Resistance from the margin: An autoethnographic account of academic ableism

Research output: Contribution to journalArticlepeer-review


Ableism—which refers to a socially-sanctioned preference for normative bodies and minds, and which presumes one's abilities—is prevalent in any social system, including academia. However, despite an evolving disciplinary identity that seeks to improve work systems by addressing critical social issues, human resource development (HRD) as a field has done little to understand or advocate for the experiences of academics with disabilities. To challenge directly prevailing ableist assumptions and practices in academia, the present autoethnographic study was undertaken to reflect upon and detail my own experience of becoming an academic with a disability, specifically in the field of HRD. The story presented in this article presents evidence of unique challenges and opportunities facing an academic with a disability and seeks to stimulate meaningful dialogue around how to create a welcoming and inclusive academic culture for all. This article also advances autoethnography as a viable research methodology that allows for the authentic voices of members from marginalized communities and mobilizes change.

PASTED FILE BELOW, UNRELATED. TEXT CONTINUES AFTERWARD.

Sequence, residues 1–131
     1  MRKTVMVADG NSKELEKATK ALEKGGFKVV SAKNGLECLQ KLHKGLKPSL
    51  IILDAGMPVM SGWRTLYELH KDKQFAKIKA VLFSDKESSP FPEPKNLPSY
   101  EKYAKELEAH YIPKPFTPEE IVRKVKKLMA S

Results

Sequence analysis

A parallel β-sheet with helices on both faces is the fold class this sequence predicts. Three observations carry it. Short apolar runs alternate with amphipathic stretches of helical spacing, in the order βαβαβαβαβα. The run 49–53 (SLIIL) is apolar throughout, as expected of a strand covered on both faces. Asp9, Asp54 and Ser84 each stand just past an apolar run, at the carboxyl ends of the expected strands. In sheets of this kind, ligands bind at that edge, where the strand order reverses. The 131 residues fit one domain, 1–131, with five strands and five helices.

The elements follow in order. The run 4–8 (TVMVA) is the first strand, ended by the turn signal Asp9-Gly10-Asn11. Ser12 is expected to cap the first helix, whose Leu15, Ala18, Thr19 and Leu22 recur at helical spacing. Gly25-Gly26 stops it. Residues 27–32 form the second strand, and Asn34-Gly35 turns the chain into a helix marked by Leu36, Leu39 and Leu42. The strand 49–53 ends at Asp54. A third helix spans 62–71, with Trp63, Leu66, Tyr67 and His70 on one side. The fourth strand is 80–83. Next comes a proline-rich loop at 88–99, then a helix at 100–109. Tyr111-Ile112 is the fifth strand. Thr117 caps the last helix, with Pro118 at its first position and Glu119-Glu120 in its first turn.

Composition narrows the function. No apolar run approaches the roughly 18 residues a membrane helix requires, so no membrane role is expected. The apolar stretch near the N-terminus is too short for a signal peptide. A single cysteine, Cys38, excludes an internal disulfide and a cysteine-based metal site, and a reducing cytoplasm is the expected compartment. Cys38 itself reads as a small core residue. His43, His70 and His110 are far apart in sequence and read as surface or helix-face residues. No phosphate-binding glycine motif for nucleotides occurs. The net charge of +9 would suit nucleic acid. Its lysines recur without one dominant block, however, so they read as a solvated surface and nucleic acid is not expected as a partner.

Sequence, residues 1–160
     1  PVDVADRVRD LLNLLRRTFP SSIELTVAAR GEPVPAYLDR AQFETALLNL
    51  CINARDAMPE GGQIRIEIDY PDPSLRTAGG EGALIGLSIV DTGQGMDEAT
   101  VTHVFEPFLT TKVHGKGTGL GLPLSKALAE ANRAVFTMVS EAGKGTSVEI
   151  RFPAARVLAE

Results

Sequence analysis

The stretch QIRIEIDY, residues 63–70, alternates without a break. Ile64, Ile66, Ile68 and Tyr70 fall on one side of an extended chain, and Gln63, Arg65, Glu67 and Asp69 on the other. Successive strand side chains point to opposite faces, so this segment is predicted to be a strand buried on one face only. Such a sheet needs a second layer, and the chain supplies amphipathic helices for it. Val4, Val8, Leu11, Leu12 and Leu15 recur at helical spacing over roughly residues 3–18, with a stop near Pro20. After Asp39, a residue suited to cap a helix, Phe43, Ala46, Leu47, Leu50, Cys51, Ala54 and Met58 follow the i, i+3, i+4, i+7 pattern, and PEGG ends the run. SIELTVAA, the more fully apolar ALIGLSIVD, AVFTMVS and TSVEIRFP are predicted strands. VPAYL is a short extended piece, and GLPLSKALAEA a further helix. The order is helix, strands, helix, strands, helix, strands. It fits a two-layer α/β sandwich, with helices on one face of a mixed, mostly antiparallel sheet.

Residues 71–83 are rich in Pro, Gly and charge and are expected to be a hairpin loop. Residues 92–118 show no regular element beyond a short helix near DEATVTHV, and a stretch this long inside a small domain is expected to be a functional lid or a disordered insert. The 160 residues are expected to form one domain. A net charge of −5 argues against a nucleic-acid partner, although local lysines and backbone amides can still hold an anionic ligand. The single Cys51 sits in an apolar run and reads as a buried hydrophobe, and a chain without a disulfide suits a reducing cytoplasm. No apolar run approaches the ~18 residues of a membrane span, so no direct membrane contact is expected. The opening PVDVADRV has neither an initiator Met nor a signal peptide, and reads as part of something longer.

Original languageEnglish (US)
Pages (from-to)89-107
Number of pages19
JournalHuman Resource Development Quarterly
Issue number1
StatePublished - Mar 1 2024


  • ableism
  • academic ableism
  • critical human resource development
  • disability
  • social justice

ASJC Scopus subject areas

  • Arts and Humanities (miscellaneous)
  • Organizational Behavior and Human Resource Management


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